Chris Catalyst – ‘Life is Often Brilliant’ (Wrath Records) Print E-mail
CD Reviews
Written by Rich Hobson   
Thursday, 04 May 2017 04:00

Chris Catalyst - Life artContrary to the claim made in this album’s title, Life can be Decidedly Not Brilliant at times. This is something that Mr. Catalyst is all-too-well aware of, with the past 12 months throwing up several trials and tribulations for him to overcome (chronicled in a brilliantly candid blog). This is also something I am all too aware of, as it explains why I sit here writing this over a month from the album’s release (despite having a physical copy since mid-Feb), following a loss of job, laptop and (for a good while) work ethic.


What’s that got to do with reviewing an album, I hear you ask? Well, everything actually. Music is one of the most universally sought forms of healing, helping most of us through some of the toughest times in our lives, as well as acting as a constant companion through the good times. This spirit of enduring companionship is what fuels ‘Life is Often Brilliant’, an album which takes all that life can throw at you and churns it into brilliantly sunny rock-via-britpop anthems.


Flexing his typically brilliant lyrical muscles, Chris kicks the album off with the line “I’m getting my No Regrets tattoo lasered off”. It’s a strong hint of what’s to come – witty and wry lyrics married to massive guitar-god style riffs that would come off as ostentatious if it weren’t for the enduring likability and everyman quality of Mr. Catalyst himself.


In fact, Chris seems to have drawn from many an influence to put together this album. While at a glance it contains the same sugar-sweet pop rock sensibilities of his main act Eureka Machines, this solo effort is decidedly heavier on the pop scale throwing up whiffs of Oasis, Beatles, David Bowie and all your other favourite British music icons.


Strapped into some big stomping boots, single ‘Same Old Sun’ is anthemic as any tune you’ve heard this past two decades, bolstered with a sense of the grandiose as it pulls in some brass instruments to elevate the single to the stratosphere. Compare this to the frenetic Madness-via-Cardiacs pacing of ‘Cracking Up’ and you start to get a picture for just how versatile this record is, as it pulls out some more esoteric alternative influences.



Thematically, the album’s lead idea is perfectly surmised on the track ‘Yeah (Oh No)’, with the choral refrain “I tell myself/it’s just a phase/I make a ‘Yes’ from an ‘Oh No’” serving as the perfect mission statement for taking negativity and twisting it into something positive. It doesn’t hurt none that the track itself alternates between Gary Numan/Devo style jerky verses into a prime-brit rock era chorus that embeds itself deeply in the brain.


It’s not all upbeat sing-alongs though. An artist with plenty of nuance, Chris explores his balladic side on the second half of the album. ‘How Do You Sleep’ introduces a sense of dissatisfaction, with a Beach Boys undertone that hints at a restless subterranean landscape beneath the pop-rock exterior. Followed by the minimalistic ‘Distance Over Time’, we enter more serious (but no less addictive) territories from track six onwards.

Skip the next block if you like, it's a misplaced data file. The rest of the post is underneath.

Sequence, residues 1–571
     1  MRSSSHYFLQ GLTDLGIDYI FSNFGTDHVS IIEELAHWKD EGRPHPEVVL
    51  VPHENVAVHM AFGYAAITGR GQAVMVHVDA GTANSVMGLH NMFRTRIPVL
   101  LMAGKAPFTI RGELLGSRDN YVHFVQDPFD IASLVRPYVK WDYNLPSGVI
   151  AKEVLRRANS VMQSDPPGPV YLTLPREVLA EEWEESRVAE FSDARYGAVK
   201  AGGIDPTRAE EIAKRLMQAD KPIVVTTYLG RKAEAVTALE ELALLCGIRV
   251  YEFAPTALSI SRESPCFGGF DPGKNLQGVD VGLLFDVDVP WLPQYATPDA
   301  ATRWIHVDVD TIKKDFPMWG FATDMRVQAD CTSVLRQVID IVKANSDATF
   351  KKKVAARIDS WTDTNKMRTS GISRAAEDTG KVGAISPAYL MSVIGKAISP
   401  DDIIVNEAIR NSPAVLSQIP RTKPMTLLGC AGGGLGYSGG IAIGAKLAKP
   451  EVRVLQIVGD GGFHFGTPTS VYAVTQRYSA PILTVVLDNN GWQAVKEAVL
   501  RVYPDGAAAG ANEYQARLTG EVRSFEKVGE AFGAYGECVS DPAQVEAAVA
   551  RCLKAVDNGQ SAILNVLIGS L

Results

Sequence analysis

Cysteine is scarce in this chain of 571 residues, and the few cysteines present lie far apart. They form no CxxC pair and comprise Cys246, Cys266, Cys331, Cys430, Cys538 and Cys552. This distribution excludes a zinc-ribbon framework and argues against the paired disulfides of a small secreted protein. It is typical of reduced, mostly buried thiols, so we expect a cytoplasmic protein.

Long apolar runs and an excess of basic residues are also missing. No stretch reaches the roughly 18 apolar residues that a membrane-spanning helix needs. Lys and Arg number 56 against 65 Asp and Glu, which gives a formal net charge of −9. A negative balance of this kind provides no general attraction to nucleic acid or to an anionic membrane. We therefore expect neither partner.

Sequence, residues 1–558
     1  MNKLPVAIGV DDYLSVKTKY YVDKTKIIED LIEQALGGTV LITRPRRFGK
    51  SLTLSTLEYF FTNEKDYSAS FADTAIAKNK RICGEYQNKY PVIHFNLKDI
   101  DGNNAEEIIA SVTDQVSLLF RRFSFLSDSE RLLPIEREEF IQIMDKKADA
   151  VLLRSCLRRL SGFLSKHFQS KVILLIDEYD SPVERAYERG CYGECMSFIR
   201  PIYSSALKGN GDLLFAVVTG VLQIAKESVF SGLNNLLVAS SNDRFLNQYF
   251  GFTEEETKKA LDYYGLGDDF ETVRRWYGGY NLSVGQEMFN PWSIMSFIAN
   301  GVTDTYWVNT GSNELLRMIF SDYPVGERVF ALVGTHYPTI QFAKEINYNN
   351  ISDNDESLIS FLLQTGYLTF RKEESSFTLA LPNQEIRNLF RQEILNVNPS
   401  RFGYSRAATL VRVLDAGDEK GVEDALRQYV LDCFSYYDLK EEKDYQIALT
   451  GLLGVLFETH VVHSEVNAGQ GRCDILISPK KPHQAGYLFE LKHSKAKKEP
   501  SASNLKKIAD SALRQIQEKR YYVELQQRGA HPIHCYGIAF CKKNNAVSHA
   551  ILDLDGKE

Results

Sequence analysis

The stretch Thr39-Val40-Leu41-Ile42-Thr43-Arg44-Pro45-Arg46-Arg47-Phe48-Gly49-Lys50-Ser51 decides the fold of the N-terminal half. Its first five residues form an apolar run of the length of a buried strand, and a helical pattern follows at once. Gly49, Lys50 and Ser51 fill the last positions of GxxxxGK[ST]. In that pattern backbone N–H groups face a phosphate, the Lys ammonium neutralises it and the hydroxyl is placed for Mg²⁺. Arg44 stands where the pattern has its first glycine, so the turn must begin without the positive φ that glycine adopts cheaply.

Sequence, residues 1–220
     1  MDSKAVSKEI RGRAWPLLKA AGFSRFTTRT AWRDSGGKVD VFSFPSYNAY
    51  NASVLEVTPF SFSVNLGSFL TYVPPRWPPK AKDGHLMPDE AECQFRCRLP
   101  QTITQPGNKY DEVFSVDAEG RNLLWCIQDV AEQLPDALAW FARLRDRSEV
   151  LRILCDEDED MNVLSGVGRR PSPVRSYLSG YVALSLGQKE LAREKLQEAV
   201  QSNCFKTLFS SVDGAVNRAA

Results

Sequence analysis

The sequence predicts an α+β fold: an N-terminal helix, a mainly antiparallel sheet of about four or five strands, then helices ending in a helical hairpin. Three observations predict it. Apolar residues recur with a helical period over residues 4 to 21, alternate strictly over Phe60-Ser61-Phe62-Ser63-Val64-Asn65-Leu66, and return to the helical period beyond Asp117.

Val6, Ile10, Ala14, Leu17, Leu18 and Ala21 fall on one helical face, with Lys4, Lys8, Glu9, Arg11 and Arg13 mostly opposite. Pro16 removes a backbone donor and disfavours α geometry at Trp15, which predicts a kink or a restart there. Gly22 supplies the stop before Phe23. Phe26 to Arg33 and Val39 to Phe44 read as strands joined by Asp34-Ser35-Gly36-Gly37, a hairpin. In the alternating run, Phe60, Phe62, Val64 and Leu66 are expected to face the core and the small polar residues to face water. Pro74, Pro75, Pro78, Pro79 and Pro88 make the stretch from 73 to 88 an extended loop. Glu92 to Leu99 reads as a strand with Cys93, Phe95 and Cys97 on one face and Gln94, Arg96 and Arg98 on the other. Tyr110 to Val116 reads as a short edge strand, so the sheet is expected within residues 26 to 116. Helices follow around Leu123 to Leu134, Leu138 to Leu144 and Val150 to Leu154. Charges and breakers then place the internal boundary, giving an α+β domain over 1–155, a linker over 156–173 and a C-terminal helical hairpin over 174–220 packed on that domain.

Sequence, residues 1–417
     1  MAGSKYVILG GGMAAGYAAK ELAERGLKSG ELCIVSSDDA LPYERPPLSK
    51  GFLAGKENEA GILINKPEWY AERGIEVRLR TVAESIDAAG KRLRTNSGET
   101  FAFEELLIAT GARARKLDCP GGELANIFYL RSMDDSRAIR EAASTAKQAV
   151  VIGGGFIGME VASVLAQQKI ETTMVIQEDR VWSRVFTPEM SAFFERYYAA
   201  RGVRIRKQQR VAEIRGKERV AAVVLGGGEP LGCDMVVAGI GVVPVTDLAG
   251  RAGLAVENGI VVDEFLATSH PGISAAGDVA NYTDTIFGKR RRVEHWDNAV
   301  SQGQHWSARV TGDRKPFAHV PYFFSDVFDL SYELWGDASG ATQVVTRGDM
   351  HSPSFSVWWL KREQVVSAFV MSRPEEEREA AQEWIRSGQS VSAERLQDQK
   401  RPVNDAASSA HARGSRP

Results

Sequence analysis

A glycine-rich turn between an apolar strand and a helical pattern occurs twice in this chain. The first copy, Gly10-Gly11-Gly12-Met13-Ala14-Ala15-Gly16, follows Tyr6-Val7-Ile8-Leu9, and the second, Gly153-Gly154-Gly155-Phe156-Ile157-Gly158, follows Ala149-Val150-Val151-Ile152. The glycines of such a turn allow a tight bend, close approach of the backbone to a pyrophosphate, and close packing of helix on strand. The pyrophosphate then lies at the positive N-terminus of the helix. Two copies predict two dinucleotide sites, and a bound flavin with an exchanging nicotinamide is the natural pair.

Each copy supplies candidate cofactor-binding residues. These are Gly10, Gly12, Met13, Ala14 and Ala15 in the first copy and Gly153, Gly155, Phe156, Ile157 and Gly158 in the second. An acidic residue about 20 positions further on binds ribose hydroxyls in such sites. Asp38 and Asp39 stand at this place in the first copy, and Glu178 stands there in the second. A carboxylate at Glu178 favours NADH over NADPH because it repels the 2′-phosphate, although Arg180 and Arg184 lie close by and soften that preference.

Chris is no stranger to creating wonderfully fuzzy love songs and the decidedly ‘Heroes’ vibe of ‘I Hope We Always Stay The Same’ acts as a slow dance, a cuddle and heart-break in a song all at once, such is its wistful loveliness. We don’t get to dwell in ballad country too long though; ‘Sticks and Stones’ picks things back up with another superb power pop banger, the huge chorus cementing this song’s status as lead single for the album.



With one last big ballad before the album closes, Chris offers up the beautifully cathartic ‘You Die at the End’. A song which says all it needs to on the tin, the song is nonetheless wonderfully paced to touch that sense of loss that we feel for both loved ones and favourite artists, especially with the line “God, I miss David Bowie/He was my paperweight/When he went back to Mars/Man, I swear that the stars looked different that day”. If you can hear that track and not get even the slightest bit misty-eyed, you’re a stronger man than I.


After such a colossal ballad, the only thing that could bring the album to a fitting close would be a final, minimalist expression. With just Chris’s vocals and a piano to guide us through, ‘Able Seamen’ is a final expression of talent which brings Life Is Often Brilliant to a fitting close. Featuring another perfect Catalyst-ism “Swimming against the stream of my own self-esteem”, the album comes full circle for one last enormous swell of instrumentation.


Beautifully constructed and played with genuine heart and passion, Life Is Often Brilliant proves that Chris Catalyst is a genuine treasure of the music world, an undeniable talent with a knack for penning perfectly relatable anthems. Be it ballad or big rocker with a pop heart on its sleeve, Catalyst smashes it out the park with gusto, evoking the memories of some of the great forerunners that came before him as he goes. Apart from the artist, Life Is Often Brilliant is also the perfect cathartic record, an album which is equal parts pick-me-up and party-starter. Life might often be brilliant, but Chris Catalyst always is.


‘Life Is Often Brilliant’ is out now. You can buy your copy HERE.


All content © Über Rock. Not to be reproduced in part or in whole without the express written permission of Über Rock.